In the tantric traditions of Buddhism, such as the Nyingma and Kagyu schools, Samantabhadra is considered not only a bodhisattva, but additionally an adibuddha.
In the Tibetan Book of the Dead, he is described as the Buddha who appears to the deceased during their journey through the intermediate realm to free them from their remaining karmic bonds and remind them of their original origin and destiny.
Samantabhadra [Tibetan: Guntu Sangpo or Kun tu bzang po, Chinese: "P'u-hsien, Japanese "Fugen"] is the primordial Buddha associated with compassion and is known as a protector of the sutra. He is the antecedent of all and the expanse of reality. He holds sway over existence and quiescence in their entirety. He is naked and blue in color, and is most often pictured embracing his white consort Samantrabhhadri [Tibetan: "Kun tu bzang mo"]. They are another emanation of Adibuddha, the ever-present potential for Buddhahood, that has always been and always be.
The word Samanta means, "universally extending." Bhadra means "great virtue." The word samantabhadra means as Universal Virtue and Universal Worthy. This bodhisattvas usually rides on a six-tusked white elephant. The six tusks represent overcoming attachment to the six senses. They also represent the Six Perfection's [paramitas]- charity, morality, patience, diligence, contemplation, and wisdom - or the six ways in which the bodhisattvas pursue their spiritual cultivation so that they may attain enlightenment and save other living creatures. Those who frequently worship Bodhisattva Samantabadhra would gradually receive his blessing and would become energetic and persistent in their practice of the six paramitas.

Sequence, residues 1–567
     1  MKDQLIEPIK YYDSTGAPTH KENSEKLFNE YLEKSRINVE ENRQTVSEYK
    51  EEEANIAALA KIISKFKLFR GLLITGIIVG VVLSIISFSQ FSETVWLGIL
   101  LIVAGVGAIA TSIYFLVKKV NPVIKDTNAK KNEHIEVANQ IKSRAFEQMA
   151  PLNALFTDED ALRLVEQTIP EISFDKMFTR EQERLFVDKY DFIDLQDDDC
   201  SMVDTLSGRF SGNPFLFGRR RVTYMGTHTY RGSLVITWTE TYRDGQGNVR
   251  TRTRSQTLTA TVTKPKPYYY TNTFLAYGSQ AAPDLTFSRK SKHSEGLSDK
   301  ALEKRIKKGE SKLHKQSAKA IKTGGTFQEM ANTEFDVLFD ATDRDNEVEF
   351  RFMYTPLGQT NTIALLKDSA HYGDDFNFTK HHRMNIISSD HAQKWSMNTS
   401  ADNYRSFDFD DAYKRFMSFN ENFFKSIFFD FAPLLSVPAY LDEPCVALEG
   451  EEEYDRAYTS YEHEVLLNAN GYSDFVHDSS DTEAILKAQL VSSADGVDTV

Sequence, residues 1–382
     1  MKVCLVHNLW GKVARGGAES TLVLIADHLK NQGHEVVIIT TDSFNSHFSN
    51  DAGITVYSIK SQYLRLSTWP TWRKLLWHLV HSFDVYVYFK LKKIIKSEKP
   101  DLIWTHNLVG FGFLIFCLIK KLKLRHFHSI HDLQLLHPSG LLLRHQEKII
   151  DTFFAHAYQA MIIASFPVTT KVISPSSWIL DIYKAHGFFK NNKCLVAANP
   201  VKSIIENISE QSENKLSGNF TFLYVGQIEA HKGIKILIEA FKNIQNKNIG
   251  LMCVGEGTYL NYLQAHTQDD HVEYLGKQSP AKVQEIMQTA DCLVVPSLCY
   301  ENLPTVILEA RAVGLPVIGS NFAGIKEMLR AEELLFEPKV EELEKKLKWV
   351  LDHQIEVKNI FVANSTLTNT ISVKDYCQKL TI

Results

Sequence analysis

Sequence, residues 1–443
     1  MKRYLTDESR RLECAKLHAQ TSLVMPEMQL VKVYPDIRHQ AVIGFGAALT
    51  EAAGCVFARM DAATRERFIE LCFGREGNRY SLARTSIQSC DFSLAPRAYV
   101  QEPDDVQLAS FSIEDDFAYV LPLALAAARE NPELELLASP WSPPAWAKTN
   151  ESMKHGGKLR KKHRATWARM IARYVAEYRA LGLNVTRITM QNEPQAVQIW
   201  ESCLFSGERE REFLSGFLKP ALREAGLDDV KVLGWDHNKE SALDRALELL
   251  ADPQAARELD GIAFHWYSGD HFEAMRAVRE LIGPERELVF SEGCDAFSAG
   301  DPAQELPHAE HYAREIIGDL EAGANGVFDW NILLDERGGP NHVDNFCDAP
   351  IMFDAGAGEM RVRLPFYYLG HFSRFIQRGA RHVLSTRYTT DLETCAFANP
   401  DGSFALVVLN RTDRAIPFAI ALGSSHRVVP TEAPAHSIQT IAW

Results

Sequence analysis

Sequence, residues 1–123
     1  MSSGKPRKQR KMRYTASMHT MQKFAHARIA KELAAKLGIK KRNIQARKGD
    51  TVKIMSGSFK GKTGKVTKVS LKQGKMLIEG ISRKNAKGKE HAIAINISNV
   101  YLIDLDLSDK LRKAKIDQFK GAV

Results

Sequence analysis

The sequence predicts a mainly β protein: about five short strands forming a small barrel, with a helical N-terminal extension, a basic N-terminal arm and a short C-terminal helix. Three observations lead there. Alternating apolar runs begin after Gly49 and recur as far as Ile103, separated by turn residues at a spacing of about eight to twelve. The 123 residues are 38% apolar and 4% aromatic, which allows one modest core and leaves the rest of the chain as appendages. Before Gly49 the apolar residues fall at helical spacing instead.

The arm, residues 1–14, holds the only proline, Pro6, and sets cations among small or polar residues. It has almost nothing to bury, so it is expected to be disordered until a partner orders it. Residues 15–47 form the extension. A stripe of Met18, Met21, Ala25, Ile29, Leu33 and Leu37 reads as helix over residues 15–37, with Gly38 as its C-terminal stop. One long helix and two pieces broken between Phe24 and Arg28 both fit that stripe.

Like Manjushri, Samantabhadra was an assistant to Sakyamuni Buddha. Historically, there are four famous bodhisattva in the East Asia; each symbolizes the Buddha's emphasis on different aspects of Dharma practices. They are Avalokitesvara's compassion, Manjushri's wisdom, Samantabhadra's practice, and Ksitigarbha's vow. Samantabhadra is also called the Great Conduct Bodhisattva, a name that reflects his practice of Buddhism through his famous Ten Great Vows.
Samantabhadra is a cosmic entity embodying all the bodhisattva practices and merits which must be fulfilled in order to attain Buddhahood. According to the Flower Garland Sutra, bodhisattva practitioners must dedicate all of their efforts to the enlightenment of all sentient beings and sacrifice everything for the welfare of all. In this way, the boundaries of selfhood and the limitation of self-effort are transcended, and one enters into the ocean of merits of all beings, an ocean of merits which is the Samantabhadra's omnipresent body of virtue.
Old original painting
Himalayan Art Resources: Tibet 1600-1699 - Drigung [Kagyu] Linie - 69.85 x 53.34 cm | 27.50 x 21 "
Collection of Rubin Museum of Art, New York, USA
|Measurements:||15.4 x 23.2 " | 39 x 59 cm|
|Shipment:||Parcel Service from Germany or Nepal|
|Farbe:||Gold Background Version|
|Material:||Natural Stone Colors|